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Cauchy's integral formula

  1. Nov 1, 2009 #1
    1. The problem statement, all variables and given/known data

    Use the Cauchy integral formula to compute the formula:

    [tex]\int_\gamma\frac{sinh(z)}{z^3}[/tex] for [tex]\gamma[/tex] any circle of radius >0 around the origin

    2. Relevant equations

    cauchy's integral formula:

    [tex]f(z_0)=\frac{1}{2i\pi}\int\frac{f(z)}{z-z_0}dz[/tex]

    3. The attempt at a solution

    I don't know how to start
    ?
     
  2. jcsd
  3. Nov 1, 2009 #2
    What you need here is the derivative of the Cauchy's integral formula w.r.t. z_0.

    If you differentiate the right hand side, you easily find that you need to differentiate the integrand w.r.t. z_0, i.e. you can bring the derivative inside the integral. (and if )

    Now, what you then need to do is recognize that the integral of
    sinh(z)/z^3 can be written in the form of that derivative of Cauchy's formula:

    sinh(z)/z * 1/(z-z_0)^2

    with z_0 = 0

    sinh(z)/z only has a removable singularity at z = 0, you can define this function to be 1 at z = 0 to make it a complex differentiable function everywhere.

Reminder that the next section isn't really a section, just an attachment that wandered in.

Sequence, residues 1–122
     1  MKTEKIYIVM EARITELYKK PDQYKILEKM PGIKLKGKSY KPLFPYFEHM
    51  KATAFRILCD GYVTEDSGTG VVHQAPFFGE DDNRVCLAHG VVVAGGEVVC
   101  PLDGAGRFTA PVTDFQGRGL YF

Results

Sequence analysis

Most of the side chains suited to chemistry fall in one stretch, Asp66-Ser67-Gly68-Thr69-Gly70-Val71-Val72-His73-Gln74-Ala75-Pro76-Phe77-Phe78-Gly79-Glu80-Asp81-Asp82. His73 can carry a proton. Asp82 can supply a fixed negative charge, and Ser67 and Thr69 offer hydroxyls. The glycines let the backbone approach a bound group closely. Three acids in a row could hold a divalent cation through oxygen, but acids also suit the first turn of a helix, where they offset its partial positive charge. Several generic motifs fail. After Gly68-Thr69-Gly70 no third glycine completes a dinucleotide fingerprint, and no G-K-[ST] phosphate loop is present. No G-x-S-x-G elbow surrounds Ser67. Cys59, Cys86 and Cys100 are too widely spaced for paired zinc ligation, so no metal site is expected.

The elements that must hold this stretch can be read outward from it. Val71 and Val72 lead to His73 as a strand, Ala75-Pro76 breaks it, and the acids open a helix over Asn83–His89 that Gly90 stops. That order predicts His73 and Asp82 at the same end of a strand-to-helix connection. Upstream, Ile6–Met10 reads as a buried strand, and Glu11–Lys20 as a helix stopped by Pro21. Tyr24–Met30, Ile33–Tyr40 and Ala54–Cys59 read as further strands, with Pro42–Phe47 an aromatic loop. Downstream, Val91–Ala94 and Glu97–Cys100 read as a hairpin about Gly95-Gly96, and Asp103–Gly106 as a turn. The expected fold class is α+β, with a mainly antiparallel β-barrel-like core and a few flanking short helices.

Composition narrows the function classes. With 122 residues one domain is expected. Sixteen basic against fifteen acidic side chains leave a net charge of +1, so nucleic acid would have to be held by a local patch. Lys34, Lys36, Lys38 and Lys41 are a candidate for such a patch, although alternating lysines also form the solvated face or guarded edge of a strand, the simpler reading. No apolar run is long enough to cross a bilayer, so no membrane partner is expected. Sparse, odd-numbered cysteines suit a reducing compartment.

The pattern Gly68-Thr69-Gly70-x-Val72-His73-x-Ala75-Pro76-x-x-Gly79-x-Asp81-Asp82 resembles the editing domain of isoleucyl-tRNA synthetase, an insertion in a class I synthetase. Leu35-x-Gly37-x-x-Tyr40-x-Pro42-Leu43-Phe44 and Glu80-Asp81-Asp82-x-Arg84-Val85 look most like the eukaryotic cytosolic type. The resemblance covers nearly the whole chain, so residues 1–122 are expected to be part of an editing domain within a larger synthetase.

4. Nov 1, 2009 #3
    I didnt understand what you said about the derivative...why are we differentiating?

    what do you mean 'removable singularity'?

    thank you
     
  5. Nov 1, 2009 #4

    gabbagabbahey

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    Gold Member

    Just use the Laurent series for [tex]\sinh(z)[/itex], and the Cauchy integral formula for simple poles of order>1...
     
  6. Nov 1, 2009 #5
    There should be the general form of Cauchy's integral formula located in your text. It is
    [tex]f^{(n)}(w) = \frac{n!}{2\pi i} \int_\gamma \frac{f(z)}{(z-w)^{n+1}} \,dz [/tex]

    In your case, f(z)=sinh(z), w=0, n=2. Note that f is then entire, i.e. analytic everywhere. Then
    [tex]\int_\gamma \frac{\sinh z}{(z-0)^3} \,dz = \frac{2\pi i}{2!} f^{(2)}(0) [/tex]
     
  7. Nov 1, 2009 #6
    f(0)=sihn(0)=0
    ?

    why is it entire?
     
  8. Nov 1, 2009 #7
    Because
    [tex]\sinh z = \frac{e^z - e^{-z}}{2},[/tex]
    so it is the sum of two entire functions.

    And technically you should be evaluating the second derivative at z=0, not just f, but in this case, the second derivative is just f(2)(z)=f(z)=sinh(z). If you don't know what singularities or Laurent series are, then don't worry about them. It seems that if you are just now doing Cauchy's integral formula, then your course hasn't arrived at those other topics yet. Does your text have the general formula I posted?
     
  9. Nov 1, 2009 #8
    yes, i also should have put the formula you posted in my post.

    thanks to all
    :)
     
  10. Nov 1, 2009 #9
    Okay, that's good and no problem for not posting it. What Count Iblis was talking about when they were referring to taking the derivative, they were basically deriving the formula I posted.
     
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